In my memory there is a boy who does not worry. He is nearly fearless, the luxury of the invincible. He walks to class across the college quad without shoes, his three quarter length pants baggy and his wallet on a chain. He is at peace here, at least in memory. He has few books, little money, and no plan for the future. He is somewhere between 18 and 21, and his world is smaller than he would admit.
In two thousand three there is a boy who climbs buildings in Tokyo in the dark without fear. He does this casually, stepping off of balconies as though they were stairs, catching himself on the flat of floor above as his feet touch the top of the railing a level below. In this way he slides in and out of conversations at parties, skipping floors from one gathering to another without ever entering the apartments. He is almost a ghost, a part of many moments and somehow impossible to contain. One night in the rain he talks with a colleague on the open walkway in front of their apartment, looking out over Saitama. The dawn is not far off.
“I’ve always wanted to climb that water tower,” he says, indicating one perched on a seven storey building three blocks away. “It must have a great view.” This section of the suburban Saitama sprawl is short, most buildings four or fewer floors.
“That might be tricky,” his colleague says, perhaps tired, perhaps older and aware of the risks. Without pause the boy is off, down the four floors to the ground and away. His colleague watches from the railing as he walks into the apartment building and up to the top floor on a similar exposed walkway, the construction a kind of standard Japanese topography. At the seventh floor he is stymied, for a moment. The stairs do not continue to the roof. After a quick look around this boy climbs onto the railing, balancing carefully. Hands extended for stability he rises to his feet, and reaches for the roof. It is a flat edge, no gutters, and after a moment he pulls himself up onto the roof, seven storeys up, now eight. Later he will confess that this moment scared him, palms flat on the wet concrete, pulling his body up over the edge of the roof with legs dangling below. Trusting to friction.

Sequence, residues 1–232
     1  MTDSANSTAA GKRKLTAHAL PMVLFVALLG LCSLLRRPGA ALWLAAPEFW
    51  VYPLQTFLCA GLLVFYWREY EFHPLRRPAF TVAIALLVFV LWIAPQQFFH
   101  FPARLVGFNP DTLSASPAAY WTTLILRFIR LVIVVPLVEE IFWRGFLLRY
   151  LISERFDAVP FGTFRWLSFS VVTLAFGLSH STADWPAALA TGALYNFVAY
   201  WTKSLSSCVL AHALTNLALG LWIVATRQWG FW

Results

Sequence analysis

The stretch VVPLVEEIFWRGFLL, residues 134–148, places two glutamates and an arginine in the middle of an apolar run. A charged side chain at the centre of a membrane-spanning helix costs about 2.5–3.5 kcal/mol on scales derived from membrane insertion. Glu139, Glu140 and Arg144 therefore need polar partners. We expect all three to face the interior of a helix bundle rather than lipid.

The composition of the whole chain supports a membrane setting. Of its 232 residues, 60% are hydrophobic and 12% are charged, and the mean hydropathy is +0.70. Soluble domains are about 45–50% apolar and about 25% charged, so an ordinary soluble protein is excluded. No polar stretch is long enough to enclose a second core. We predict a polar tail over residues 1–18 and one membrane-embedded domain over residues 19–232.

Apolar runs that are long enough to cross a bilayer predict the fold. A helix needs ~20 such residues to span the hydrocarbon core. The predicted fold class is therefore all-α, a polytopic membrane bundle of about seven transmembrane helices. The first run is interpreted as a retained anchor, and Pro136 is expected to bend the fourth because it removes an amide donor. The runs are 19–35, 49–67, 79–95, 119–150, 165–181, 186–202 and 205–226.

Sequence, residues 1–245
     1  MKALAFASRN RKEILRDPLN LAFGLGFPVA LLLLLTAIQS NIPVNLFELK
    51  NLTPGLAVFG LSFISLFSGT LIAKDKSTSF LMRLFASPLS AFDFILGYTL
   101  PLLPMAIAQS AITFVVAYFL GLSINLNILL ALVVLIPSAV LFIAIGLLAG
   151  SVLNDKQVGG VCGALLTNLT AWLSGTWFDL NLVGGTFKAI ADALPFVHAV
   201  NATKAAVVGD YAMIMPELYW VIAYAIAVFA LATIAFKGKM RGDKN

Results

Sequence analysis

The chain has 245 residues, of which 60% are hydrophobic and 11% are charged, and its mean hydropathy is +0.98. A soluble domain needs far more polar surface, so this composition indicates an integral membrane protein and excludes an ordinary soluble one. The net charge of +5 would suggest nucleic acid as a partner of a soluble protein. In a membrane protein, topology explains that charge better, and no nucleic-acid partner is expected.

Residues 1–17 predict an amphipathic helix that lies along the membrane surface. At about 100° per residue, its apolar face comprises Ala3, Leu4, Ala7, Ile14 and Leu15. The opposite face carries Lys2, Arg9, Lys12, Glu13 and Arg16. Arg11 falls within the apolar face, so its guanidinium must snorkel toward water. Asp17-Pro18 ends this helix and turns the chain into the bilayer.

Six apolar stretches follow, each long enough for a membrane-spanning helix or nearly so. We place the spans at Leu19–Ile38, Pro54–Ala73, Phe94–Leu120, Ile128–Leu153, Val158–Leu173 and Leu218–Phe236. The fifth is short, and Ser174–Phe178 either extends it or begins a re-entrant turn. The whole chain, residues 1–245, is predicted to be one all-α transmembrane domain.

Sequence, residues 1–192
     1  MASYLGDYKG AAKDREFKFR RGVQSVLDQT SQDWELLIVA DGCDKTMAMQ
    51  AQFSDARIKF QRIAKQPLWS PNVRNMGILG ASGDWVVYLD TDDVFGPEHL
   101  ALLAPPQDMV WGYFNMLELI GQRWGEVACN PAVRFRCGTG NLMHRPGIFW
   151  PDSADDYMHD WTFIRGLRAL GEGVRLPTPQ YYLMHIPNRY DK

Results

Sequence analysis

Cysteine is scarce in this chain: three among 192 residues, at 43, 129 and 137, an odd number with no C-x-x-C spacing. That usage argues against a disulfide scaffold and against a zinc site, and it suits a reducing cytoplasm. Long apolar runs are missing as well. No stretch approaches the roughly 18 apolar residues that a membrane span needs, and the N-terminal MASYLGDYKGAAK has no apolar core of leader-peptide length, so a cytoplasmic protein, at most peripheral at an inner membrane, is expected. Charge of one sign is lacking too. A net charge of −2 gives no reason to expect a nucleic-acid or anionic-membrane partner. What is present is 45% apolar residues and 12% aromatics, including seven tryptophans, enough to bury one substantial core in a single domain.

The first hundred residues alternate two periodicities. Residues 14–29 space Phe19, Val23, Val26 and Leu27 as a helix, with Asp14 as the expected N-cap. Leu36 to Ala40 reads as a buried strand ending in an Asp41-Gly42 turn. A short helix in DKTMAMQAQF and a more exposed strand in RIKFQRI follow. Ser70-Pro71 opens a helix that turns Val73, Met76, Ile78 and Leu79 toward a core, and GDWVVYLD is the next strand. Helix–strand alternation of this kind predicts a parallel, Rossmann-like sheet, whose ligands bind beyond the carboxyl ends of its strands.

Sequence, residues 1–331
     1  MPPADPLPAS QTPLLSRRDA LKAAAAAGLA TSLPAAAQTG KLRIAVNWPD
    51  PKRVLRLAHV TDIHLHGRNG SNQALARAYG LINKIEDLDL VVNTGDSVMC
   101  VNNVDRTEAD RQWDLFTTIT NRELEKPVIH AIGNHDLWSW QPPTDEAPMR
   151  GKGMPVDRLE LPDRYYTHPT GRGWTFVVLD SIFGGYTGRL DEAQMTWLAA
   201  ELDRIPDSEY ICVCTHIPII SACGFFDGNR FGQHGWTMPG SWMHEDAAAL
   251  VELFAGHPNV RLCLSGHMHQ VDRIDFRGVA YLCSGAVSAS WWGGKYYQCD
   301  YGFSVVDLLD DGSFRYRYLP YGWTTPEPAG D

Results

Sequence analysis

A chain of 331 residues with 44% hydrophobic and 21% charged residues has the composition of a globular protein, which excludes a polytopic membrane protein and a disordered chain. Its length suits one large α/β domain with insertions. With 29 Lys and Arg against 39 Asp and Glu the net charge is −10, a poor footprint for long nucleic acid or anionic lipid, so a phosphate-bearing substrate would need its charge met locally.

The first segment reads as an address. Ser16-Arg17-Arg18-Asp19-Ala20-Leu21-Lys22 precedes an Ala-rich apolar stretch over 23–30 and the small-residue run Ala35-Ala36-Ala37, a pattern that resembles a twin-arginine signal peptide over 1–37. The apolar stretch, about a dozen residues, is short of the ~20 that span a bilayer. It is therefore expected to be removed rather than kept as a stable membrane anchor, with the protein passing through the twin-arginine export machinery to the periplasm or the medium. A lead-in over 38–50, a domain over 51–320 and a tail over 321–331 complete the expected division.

That morning, though, he makes it, and after a few seconds is up the ladder and onto the water tower’s roof. With a quick wave of triumph for his watching friend he turns to the sunrise, the sky just starting to lighten towards Tokyo.
The memories are clear, the actions easy to recall. The fear of palms on wet concrete that morning has never left me. Instead it is the lack of fear, the easy joy in dropping off my fourth floor balcony and swinging into my neighbor’s third floor card game that has gone, replaced by a concern for insurance, for physical therapy.
Like all changes this was a gradual one. Despite the obvious, it was not triggered by twenty fourteen. I wonder if this tale of aging is a common one, or if the joy of sitting on a lighting truss at 16, thirty feet up above concrete, tightening down a light to my side with both hands while the pipe that held us both swayed with no support that was the odd part. Were we all as free?
Specific moments of change do come back to me. I gave up climbing balconies on moving to China, where the iron balustrades could be shaken by hand free from the concrete. I gave up climbing buildings when the railings became untrustworthy. The sentence is filled with irony, and with half truths. On returning to our campus setting for our ten year anniversary I met some current students who were setting out for a building climbing adventure.
“Did you climb buildings back in your day?” they asked me.
“I’ve been on top of four buildings already this weekend,” I told them, truthfully, and we swapped common approach spots, both so glad to share. It should be their ten year reunion soon, I think. I wonder if they’ll similarly celebrate on top of Chicago, and if they too will one day wonder where that feeling of freedom has gone.